JIS News

Story Highlights

  • He says this is imperative in order to reduce inconveniences incurred by service providers, and other persons and entities connected to the national power grid.
  • The initiative, which will implemented as a pilot in Kingston and St. Andrew, St. Catherine, and St. James, aims to improve electricity supply in these areas by making access more affordable, thereby improving citizen safety and security, while reducing losses.
  • Approximately 60 residents of 43c Featherbed Lane have been provided with electricity at a cost of $4 million.

Science, Energy and Technology Minister, Dr. the Hon. Andrew Wheatley, continues to discourage persons from accessing electricity illegally.

He says this is imperative in order to reduce inconveniences incurred by service providers, and other persons and entities connected to the national power grid.

The Minister was speaking at a lighting ceremony for the community of 43c Featherbed Lane in South Central St. Catherine, on Thursday, July 14.

Dr. Wheatley noted that wherever illegal connections exist they cause “some level of loss.” This, he explained, was consequent on uneven load distribution to facilitate those transmissions. He said this load is often transferred to other sections and end users of the power grid.

He emphasized that unregulated load on the system can be detrimental to residents of communities with illegal connections as well persons living outside these areas, “because it causes all kinds of surge (outputs) which can damage electrical equipment and appliances and also cause loss of life.”

“We have seen in the past where a number of homes were destroyed consequent on mishaps involving illegal connections with faulty wiring and, in some cases, we have seen where children have lost their lives as a result of these illegal activities,” the Minister stated.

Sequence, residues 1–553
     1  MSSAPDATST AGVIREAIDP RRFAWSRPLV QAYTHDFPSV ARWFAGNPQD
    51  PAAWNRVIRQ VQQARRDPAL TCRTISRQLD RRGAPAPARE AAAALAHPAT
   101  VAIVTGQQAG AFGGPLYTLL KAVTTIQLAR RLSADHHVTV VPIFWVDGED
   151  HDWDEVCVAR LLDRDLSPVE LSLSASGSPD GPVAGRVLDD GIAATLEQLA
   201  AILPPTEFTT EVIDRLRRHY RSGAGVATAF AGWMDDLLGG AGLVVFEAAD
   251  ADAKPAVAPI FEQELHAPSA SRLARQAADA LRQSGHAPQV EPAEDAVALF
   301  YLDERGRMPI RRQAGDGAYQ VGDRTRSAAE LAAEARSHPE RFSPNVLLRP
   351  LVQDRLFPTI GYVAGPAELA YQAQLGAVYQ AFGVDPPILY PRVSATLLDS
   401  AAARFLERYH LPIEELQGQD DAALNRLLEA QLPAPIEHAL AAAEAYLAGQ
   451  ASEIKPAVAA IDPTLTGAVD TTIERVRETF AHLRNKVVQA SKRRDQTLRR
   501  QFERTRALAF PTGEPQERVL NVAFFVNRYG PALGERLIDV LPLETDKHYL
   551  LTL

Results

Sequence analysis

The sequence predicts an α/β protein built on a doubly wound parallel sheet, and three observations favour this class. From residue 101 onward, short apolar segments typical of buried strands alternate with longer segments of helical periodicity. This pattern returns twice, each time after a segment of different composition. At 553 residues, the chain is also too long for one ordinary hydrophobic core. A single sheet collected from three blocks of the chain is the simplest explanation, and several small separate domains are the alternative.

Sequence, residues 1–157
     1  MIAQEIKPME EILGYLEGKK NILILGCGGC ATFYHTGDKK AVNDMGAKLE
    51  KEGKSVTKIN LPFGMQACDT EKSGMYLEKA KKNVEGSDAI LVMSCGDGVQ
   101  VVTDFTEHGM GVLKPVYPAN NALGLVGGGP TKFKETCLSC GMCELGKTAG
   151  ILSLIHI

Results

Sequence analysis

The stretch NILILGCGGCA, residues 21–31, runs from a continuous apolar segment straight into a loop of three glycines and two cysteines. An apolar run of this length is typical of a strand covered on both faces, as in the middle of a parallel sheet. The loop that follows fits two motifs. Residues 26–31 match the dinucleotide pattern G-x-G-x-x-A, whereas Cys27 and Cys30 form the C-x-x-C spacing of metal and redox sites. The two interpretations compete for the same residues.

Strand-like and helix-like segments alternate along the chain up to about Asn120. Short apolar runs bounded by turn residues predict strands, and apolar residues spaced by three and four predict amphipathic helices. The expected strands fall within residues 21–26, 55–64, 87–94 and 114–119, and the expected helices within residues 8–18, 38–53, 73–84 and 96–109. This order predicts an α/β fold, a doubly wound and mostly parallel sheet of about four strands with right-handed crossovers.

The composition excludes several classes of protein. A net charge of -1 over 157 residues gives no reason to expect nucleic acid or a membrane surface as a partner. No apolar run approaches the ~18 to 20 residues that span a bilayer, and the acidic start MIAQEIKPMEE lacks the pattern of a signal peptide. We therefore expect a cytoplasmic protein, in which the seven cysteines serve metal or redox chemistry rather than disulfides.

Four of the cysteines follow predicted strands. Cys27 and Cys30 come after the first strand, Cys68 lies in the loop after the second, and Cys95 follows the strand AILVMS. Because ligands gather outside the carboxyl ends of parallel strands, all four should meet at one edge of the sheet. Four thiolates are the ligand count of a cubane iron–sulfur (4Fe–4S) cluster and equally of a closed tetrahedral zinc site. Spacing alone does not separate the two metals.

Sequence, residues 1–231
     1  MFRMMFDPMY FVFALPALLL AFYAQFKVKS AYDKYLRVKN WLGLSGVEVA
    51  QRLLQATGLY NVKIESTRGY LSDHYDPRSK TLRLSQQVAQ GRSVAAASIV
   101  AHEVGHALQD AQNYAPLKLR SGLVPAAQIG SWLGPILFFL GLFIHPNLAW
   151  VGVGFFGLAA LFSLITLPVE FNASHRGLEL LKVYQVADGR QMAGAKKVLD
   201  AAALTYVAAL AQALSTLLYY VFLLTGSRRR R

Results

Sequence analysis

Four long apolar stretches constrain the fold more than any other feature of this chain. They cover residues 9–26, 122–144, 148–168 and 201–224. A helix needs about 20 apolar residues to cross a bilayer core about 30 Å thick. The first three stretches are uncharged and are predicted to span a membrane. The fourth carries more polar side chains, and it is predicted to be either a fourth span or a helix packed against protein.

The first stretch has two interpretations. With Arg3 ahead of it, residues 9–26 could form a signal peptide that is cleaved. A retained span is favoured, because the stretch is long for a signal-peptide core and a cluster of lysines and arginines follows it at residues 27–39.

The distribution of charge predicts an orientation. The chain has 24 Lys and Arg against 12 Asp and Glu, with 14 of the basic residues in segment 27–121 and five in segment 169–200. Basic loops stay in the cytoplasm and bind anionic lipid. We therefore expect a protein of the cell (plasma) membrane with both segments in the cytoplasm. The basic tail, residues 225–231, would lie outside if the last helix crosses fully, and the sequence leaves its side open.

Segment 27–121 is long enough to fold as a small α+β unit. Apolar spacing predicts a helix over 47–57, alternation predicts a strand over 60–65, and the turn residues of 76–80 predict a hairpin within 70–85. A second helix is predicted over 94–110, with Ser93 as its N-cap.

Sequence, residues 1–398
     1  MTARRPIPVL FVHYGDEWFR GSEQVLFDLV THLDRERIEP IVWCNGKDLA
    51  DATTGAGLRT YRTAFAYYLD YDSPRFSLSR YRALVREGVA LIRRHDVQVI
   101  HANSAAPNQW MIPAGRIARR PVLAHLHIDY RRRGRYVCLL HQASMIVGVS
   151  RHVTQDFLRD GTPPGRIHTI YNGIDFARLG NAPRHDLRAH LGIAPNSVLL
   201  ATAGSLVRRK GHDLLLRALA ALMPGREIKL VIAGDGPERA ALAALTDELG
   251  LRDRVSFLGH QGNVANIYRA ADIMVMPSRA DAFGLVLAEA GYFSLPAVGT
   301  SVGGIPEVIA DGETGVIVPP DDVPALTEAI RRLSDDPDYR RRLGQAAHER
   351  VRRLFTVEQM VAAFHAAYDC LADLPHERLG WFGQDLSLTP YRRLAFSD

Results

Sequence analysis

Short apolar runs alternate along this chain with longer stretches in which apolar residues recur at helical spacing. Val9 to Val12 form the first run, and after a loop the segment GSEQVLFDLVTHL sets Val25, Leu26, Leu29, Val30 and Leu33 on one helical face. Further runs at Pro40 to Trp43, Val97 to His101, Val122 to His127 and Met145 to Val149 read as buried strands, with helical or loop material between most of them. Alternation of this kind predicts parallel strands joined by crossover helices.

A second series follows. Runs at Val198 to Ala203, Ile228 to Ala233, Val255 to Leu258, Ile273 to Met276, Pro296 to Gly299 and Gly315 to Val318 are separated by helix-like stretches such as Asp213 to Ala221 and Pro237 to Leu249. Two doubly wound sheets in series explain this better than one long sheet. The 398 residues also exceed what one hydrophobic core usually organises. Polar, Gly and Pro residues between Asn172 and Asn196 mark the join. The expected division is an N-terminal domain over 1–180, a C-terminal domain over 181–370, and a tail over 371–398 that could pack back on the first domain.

Against this background, Dr. Wheatley reiterated the Ministry’s planned implementation of the $1.25 billion Street Lighting, Installations, Loss Reduction and Community Renewal (SILC) initiative, targeting electricity infrastructure upgrades in a number of homes in approximately 25 communities.

 

The initiative, which will implemented as a pilot in Kingston and St. Andrew, St. Catherine, and St. James, aims to improve electricity supply in these areas by making access more affordable, thereby improving citizen safety and security, while reducing losses.

Dr. Wheatley, who made the announcement during his 2016/17 Sectoral Debate presentation in Parliament in June, indicated that the engagement will build on existing arrangements between the Jamaica Public Service (JPS) Limited, Jamaica Social Investment Fund, and National Energy Solutions Limited (NESol) to expand electricity supply and minimize unauthorized connections to the national grid.

He emphasized that the initiative was a “comprehensive” programme aimed at improving beneficiaries’ lives.

Approximately 60 residents of 43c Featherbed Lane have been provided with electricity at a cost of $4 million.

The provision has been facilitated by NESol, which installed cables, transmissions lines, power transformers, and street lights, and wired beneficiaries’ homes.

The service was formally switched on by Dr. Wheatley, who has portfolio responsibility for NESol and is the community’s Member of Parliament.